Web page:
More than half of firms of licensed conveyancers expect their workloads to increase over the next year, according to their regulator.
Some 53% of firms expected volumes of work to increase over the next year, with only 10% anticipating a fall. Larger practices and those that also offer probate services were even more optimistic of growth.
According to the results of the Council for Licensed Conveyancers’ (CLC) annual returns, growth was seen as the greatest opportunity over the next 12 months, whether due to increased recommendation, reputation or market conditions.
One in ten firms also reported an opportunity to branch out into new or niche areas of work.
Personal recommendation remained the main source of conveyancing work for firms, followed by referral, although direct approaches were a significant source of probate instructions.
Unsurprisingly, larger firms received more referral work from lenders and estate agents than smaller ones.
Across each of conveyancing, will-writing and probate work, a relatively small proportion of work was gained from website and telephone enquiries.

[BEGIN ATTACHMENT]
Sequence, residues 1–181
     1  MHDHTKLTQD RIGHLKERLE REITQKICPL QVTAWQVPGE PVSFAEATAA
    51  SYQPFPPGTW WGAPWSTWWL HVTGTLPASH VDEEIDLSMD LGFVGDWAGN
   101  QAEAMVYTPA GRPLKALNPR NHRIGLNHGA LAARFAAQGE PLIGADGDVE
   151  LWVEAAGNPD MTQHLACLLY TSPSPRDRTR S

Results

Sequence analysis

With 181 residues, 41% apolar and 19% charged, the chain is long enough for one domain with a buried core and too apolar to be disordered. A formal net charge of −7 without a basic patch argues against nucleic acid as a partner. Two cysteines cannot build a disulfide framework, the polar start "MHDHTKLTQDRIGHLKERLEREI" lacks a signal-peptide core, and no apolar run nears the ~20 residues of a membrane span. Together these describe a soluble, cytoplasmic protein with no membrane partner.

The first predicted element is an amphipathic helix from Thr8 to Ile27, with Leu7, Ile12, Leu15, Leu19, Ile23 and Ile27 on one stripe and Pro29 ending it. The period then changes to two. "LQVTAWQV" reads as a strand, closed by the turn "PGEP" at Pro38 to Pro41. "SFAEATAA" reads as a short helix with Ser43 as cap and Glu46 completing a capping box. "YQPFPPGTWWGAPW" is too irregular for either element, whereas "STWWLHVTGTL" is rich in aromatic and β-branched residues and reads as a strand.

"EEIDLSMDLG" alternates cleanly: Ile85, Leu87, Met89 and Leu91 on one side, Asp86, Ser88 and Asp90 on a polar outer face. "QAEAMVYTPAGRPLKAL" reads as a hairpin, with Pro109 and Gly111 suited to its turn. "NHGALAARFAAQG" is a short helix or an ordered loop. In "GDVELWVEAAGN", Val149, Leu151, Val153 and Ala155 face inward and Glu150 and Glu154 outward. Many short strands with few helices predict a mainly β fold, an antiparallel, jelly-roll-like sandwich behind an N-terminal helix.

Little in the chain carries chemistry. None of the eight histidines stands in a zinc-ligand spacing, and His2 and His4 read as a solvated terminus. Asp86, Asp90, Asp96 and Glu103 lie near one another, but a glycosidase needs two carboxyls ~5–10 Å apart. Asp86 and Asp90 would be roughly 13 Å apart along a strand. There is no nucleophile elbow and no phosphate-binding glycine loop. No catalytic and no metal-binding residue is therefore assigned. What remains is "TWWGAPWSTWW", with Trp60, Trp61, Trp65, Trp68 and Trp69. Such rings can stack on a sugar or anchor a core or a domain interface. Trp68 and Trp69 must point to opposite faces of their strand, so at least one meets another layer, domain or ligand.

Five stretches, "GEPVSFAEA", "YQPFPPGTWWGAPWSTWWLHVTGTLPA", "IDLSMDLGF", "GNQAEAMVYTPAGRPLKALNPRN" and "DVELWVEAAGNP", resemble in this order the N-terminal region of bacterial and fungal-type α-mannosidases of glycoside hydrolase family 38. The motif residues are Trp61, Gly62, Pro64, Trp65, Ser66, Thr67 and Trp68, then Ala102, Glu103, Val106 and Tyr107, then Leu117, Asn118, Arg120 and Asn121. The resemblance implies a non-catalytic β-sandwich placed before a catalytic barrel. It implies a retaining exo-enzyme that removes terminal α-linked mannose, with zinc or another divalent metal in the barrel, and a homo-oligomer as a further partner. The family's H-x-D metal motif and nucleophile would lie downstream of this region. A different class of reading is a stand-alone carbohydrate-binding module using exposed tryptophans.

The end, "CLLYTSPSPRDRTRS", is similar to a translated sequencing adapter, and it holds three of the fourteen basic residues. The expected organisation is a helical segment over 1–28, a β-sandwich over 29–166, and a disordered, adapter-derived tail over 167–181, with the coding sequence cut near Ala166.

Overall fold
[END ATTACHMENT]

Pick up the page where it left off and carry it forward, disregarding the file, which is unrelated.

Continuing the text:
Some 48% of firms increased their prices for conveyancing in the past year, although only 26% did so for probate and 21% for will-writing. Though one in five firms felt pressure to reduce fees, only 4% did so for conveyancing work.
On average, firms charged £636 for the purchase of a freehold property, and £592 for a sale. The figures were £747 and £690 for leasehold properties.
These were all lower than the averages recorded by the Legal Services Board in its recent research – mainly among solicitors’ firms – on the cost of legal services.
Cybercrime (29%), fraud/money laundering (27%), and a downturn in the property market (18%) were the most commonly reported types of risk to firms, although just six practices reported that they had been the victim of definite cases of fraud in 2016, costing their organisations between £7,500 and £25,000.
Most firms (60%) did not receive any complaints from clients; 13% received a single complaint but at the other extreme, 10 firms (4%) reported more than 20 complaints. The vast majority were resolved internally, with 11% of complaints referred to the Legal Ombudsman.
CLC chief executive Sheila Kumar said: “Our annual return paints a positive picture of a profession that continues to grow and, importantly, is doing all it can to protect clients from the threat of fraud and cybercrime.
“Regulation is, of course, a key part of that too but the results show that it is not getting in the way of firms developing their practices and offering competitive and high-quality services to clients.”